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[SGL37-02] Tephrochronology in the Cretaceous forearc basin, northern Japan
Keywords:Cretaceous, Tephrochronology, Apatite, Yezo Group
Tephrochronology is useful method for basin analysis because tephra provide isochronous horizons across the different facies. Although numerous studies of tephra correlations have long been conducted on the Quaternary strata, there are much fewer attempts to correlate pre-Quaternary tephra because most of the pre-Quaternary tephra are not appropriate for applying conventional tephrochronological methods on account of alteration of glass. On the other hand, several studies based on the heavy mineral chemistry of tephra have been successful in identifying and correlating highly altered tephra (e.g., Sell and Samson, 2011a, b). Detailed tephra correlations by these studies solved various controversies on the Euro-American Ordovician biostratigraphy, biogeography and sequence stratigraphy. Consequently, prevailing tephrochronologic study of the pre-Quaternary strata appears to bring significant progress in the various field of earth sciences because it can provide a much higher precision of chronostratigraphic correlation than that of the radiometric dating in both local and regional scale.
The Yezo Group, exposed in Hokkaido, Japan, is represented by the mid-Cretaceous—Paleocene marine sequences which were deposited in a fore-arc basin along east of the active Asian continental margin. This group contains abundant macro- and microfossils as well as felsic tuffs. However, it has been very difficult to correlate between shallow and deep sea facies in detail because of difference in fossil fauna and sedimentary facies. In order to establish detailed depositional model in such old basin, we establish the Cretaceous tephrochronology in the Yezo Group based on the heavy mineral chemistry of phenocrysts within the tuffs.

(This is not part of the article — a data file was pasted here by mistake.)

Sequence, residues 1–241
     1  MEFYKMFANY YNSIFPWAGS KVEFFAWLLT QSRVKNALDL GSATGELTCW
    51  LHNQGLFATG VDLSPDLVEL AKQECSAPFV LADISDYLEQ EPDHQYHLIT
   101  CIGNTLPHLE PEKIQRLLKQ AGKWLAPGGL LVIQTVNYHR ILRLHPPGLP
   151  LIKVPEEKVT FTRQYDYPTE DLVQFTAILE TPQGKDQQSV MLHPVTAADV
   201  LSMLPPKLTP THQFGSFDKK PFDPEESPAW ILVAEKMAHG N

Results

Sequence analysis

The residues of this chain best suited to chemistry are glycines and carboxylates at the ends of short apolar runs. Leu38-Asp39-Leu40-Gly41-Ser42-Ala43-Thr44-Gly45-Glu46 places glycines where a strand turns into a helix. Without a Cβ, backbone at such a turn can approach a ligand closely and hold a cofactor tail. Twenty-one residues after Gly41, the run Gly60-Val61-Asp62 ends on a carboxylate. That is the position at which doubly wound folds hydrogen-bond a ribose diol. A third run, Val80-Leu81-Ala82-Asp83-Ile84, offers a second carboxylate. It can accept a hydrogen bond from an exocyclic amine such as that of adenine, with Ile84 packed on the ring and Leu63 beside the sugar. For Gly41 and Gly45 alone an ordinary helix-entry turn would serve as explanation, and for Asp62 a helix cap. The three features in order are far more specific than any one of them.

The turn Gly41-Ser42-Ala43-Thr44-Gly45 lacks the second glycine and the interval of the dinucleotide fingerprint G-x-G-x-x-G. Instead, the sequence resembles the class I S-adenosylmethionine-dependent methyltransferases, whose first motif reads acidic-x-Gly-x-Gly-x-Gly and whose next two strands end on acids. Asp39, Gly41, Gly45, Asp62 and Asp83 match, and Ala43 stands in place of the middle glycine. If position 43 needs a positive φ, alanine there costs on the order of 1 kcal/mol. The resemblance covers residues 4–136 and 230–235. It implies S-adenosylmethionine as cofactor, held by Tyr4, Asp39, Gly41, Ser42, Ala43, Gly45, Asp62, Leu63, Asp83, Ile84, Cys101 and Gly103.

We collected 30 tuff samples from the whole horizons of the Yezo Group in Tomamae, Oyubari and Urakawa areas. The samples were separated into light and heavy fractions using sodium polytungstate. The separated heavy fraction was collected and handpicked under a binocular microscope to collect the apatite and biotite grains. 20 biotite phenocrysts per sample were analyzed major elements at the Department of Earth Science, Tohoku University using a JEOL 7330. 20 apatite phenocrysts per sample were analyzed major and minor elements at the Institute for Material Research, Tohoku University using a JEOL 8530F. Apatite analyses followed the method described in Gross et al. (2013).
3. Result and discussion
Apatite is one of the most common accessory mineral in the volcanic rocks, and is highly resistant to weathering, diagenetic alteration and diffusion processes. Furthermore, apatite shows a wide variety of trace-element compositions because the structure of apatite is highly tolerant of structural distortion and chemical substitutions. Therefore, chemical fingerprinting of apatite is ideal method to discriminate the altered tephra. Each tuff exhibits unique trend in Cl, Mg, Fe, and Mn concentrations in apatite, which demonstrates that apatite chemistry is useful for discriminating tuffs in the Yezo Group. Although biotite is one of major phenocrysts in the tuffs of the Yezo Group, it is less useful than apatite because of its weakness against diagenesis and weathering. However, Mg number and TiO2 content of biotite are most effective discriminator of the tuffs in the Yezo Group, and each tuffs are distinguishable on the bivariate plot of the Mg number and TiO2 contents.
Based on the above result, we correlated tuffs of the Yezo Group among the Tomamae area and the other areas in Hokkaido. As a result, we confirmed that at least 3 tuffs (tuffs at Lower Cenomanian, Turonian/Coniacian boundary and Santonian/Campanian boundary) can be traced widely (more than 100 km distance) throughout Hokkaido and across the different sedimentary facies.